Summarising a recent non–technical Soil Association briefing.
Vitamin A deficiency is widespread in many parts of the world, leading to blindness and death for millions of children. As the late Winin Pereira pointed out from the 90s onwards, this happens because, in areas where rice is the staple food, the urban poor or villagers who have lost their land, have to survive on virtually nothing but rice, which lacks certain nutrients . . . suffering from broader malnourishment than just vitamin A deficiency.
Some scientists believe that the solution is to create rice which provides the missing nutrient, but the SA believes that this only treating the problem, not the symptom – poverty. They advocate the reduction of the number of people who have to survive on rice in the first place. Lack of access to other foods and the land, tools and skills to grow them, are the main reasons children are going blind.
The best solution to vitamin A deficiency
The SA says that the best solution is to use supplementation and fortification as emergency ‘sticking-plasters’, and also for funding support and research to go into measures which tackle the broader issues of poverty and malnutrition . . . The SA believes that further progress towards curing blindness in developing countries years ago could have been made, if the money, research and publicity that have gone into Golden Rice for 15 years had been spent on proven ways of curing the Vitamin A deficiency that causes blindness . . .
As with all genetic modification, Golden Rice is taking years to develop. Scientists have overlooked the social nature of a problem, which they see as having a simple, quick fix, and have ploughed on regardless of difficulty, expense and time, while ignoring the readily available, alternatives.
- After more than 15 years, Golden Rice is still at the field-trial stage. The International Rice Research Institute reports that it hasn’t yet been tested for effectiveness in reversing vitamin A deficiency, or for toxicity, and is unlikely to be ready for commercialisation for two years or more.
- All the initial work on Golden Rice was focussed on a strain of rice Japonica, a short-grain variety, not suitable for growing in the areas where Vitamin A deficiency is highest. It is only recently that the long-grain variant Indica has been targeted, grown in countries such as the Philippines where vitamin A deficiency is a major problem.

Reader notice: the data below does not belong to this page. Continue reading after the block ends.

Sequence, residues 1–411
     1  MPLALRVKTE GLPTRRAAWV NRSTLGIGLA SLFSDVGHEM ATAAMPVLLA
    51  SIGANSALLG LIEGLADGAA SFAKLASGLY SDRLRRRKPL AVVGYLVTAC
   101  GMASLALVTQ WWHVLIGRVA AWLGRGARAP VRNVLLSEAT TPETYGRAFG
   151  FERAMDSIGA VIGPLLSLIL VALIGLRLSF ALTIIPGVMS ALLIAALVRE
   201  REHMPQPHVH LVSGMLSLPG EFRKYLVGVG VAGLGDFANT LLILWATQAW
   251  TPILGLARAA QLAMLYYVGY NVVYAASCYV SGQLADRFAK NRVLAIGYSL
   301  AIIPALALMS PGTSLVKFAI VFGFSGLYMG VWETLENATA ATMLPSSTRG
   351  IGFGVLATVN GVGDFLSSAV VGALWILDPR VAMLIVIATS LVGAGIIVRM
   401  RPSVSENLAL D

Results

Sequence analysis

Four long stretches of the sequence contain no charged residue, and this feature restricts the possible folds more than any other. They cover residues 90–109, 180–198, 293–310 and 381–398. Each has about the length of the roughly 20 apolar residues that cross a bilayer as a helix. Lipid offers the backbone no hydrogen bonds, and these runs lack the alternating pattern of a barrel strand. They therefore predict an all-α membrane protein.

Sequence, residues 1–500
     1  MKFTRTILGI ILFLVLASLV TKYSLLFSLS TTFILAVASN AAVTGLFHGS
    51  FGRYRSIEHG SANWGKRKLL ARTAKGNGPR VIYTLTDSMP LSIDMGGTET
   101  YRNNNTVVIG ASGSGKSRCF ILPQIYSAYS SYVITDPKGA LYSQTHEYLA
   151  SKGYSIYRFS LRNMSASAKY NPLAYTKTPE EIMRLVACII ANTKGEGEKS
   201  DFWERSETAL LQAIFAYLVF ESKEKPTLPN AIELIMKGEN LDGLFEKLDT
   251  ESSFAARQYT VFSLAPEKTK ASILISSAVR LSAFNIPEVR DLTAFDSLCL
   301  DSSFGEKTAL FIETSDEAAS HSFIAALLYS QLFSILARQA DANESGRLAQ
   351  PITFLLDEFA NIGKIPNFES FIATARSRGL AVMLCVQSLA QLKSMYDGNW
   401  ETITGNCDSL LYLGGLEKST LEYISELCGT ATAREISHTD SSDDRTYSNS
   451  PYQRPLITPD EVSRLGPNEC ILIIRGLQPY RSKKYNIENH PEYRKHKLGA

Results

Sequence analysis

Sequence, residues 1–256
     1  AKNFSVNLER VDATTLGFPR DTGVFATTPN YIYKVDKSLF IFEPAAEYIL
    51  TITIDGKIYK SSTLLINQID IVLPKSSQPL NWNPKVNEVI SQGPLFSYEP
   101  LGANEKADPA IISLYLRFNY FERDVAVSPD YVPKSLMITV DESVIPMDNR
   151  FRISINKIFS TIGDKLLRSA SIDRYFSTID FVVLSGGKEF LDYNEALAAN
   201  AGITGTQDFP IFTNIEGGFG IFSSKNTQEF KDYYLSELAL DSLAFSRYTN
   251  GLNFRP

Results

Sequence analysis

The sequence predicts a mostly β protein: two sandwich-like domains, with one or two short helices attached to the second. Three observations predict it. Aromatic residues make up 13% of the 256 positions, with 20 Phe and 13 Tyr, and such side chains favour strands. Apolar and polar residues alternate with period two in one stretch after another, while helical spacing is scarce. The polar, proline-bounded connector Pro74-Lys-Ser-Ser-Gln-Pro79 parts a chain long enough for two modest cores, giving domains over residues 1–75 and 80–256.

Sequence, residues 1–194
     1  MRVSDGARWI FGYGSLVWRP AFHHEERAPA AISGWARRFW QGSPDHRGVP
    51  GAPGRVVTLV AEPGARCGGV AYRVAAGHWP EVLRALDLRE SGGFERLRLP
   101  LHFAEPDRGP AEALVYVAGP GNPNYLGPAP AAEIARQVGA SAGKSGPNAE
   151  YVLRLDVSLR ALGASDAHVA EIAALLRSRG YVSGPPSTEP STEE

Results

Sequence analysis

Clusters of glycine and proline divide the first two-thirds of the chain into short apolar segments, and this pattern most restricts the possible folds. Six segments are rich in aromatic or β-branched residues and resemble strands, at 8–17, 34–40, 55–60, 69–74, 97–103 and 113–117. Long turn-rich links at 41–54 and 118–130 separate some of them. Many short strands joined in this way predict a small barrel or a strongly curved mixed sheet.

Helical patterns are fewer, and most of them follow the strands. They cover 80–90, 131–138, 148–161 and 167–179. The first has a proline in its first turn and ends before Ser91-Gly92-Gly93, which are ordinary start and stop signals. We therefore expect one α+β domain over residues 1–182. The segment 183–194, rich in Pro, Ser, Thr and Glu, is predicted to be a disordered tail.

The claims about Golden Rice made by pro-GM scientists, GM companies and some politicians in 1998 have not been fulfilled. Golden Rice is still years away from being readily available, and those developing it still do not know if it is safe.
There are already effective cures for Vitamin A deficiency, both short-term and long-term which work, and xthe long-term solutions solve not just the problem of Vitamin A deficiency, which does not occur in isolation, but the wider problem of multiple vitamin deficiency. #
- Adverse effect of storage on levels of carotenoid in golden rice grains: http://www.clrri.org/ver2/uploads/noidung/14-03_1.pdf
- Fortified rice: http://riforg.gainhealth.org/rice-fortification/rice-key-facts-and-figures
- Biofortified sweet potato: http://www.harvestplus.org/content/uganda-and-mozambique
(Ed: GE ‘Golden’ rice could contaminate non-GE rice nearby, adversely affecting conventional and organic rice farmers because they lose markets. One example: in June 2011 Bayer agreed to pay 750 million dollars to farmers for damages and lost harvests in 2006 due to the contamination of – allegedly – more than 30% of United States rice in Arkansas, Louisiana, Mississippi, Missouri and Texas. The large Arkansas rice mill, Riceland, was awarded $16.9 million in compensatory damages and an additional $125 million in punitive damages against Bayer. Japan and Russia banned U.S. imports of the rice, while Mexico and the European Union imposed strict testing.)